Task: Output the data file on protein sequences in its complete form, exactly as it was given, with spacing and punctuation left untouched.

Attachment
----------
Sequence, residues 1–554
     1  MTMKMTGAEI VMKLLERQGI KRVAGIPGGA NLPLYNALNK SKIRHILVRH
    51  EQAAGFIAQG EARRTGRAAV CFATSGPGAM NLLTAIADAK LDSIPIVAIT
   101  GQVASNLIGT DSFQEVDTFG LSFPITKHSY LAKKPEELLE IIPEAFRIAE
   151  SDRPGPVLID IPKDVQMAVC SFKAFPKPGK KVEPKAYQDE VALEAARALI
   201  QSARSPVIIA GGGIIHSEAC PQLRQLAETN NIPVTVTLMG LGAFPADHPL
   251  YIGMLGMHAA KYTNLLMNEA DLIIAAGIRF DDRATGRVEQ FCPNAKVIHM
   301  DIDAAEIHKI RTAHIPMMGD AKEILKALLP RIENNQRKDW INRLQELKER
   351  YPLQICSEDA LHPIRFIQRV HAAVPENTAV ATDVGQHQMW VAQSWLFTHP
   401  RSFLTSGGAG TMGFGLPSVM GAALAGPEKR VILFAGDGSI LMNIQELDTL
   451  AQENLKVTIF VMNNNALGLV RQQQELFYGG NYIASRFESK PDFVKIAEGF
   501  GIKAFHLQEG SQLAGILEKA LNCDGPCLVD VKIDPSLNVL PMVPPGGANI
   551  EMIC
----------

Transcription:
Sequence, residues 1–554
     1  MTMKMTGAEI VMKLLERQGI KRVAGIPGGA NLPLYNALNK SKIRHILVRH
    51  EQAAGFIAQG EARRTGRAAV CFATSGPGAM NLLTAIADAK LDSIPIVAIT
   101  GQVASNLIGT DSFQEVDTFG LSFPITKHSY LAKKPEELLE IIPEAFRIAE
   151  SDRPGPVLID IPKDVQMAVC SFKAFPKPGK KVEPKAYQDE VALEAARALI
   201  QSARSPVIIA GGGIIHSEAC PQLRQLAETN NIPVTVTLMG LGAFPADHPL
   251  YIGMLGMHAA KYTNLLMNEA DLIIAAGIRF DDRATGRVEQ FCPNAKVIHM
   301  DIDAAEIHKI RTAHIPMMGD AKEILKALLP RIENNQRKDW INRLQELKER
   351  YPLQICSEDA LHPIRFIQRV HAAVPENTAV ATDVGQHQMW VAQSWLFTHP
   401  RSFLTSGGAG TMGFGLPSVM GAALAGPEKR VILFAGDGSI LMNIQELDTL
   451  AQENLKVTIF VMNNNALGLV RQQQELFYGG NYIASRFESK PDFVKIAEGF
   501  GIKAFHLQEG SQLAGILEKA LNCDGPCLVD VKIDPSLNVL PMVPPGGANI
   551  EMIC